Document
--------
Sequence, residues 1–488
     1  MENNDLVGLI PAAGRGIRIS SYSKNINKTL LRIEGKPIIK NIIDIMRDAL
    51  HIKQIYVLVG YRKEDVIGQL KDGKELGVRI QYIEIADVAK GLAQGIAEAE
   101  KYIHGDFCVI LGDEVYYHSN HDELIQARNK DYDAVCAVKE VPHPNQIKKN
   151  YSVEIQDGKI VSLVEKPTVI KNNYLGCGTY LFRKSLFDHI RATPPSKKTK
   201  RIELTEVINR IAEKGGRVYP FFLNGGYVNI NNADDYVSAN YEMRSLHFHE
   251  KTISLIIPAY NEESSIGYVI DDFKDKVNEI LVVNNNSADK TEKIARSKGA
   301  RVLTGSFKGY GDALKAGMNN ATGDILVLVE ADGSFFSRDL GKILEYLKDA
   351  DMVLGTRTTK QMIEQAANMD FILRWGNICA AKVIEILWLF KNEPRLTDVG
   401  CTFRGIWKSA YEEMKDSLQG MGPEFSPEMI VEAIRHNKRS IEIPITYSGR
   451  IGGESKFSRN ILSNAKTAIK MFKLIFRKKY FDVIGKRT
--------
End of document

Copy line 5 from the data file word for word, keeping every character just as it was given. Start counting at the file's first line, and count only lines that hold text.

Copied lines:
   151  YSVEIQDGKI VSLVEKPTVI KNNYLGCGTY LFRKSLFDHI RATPPSKKTK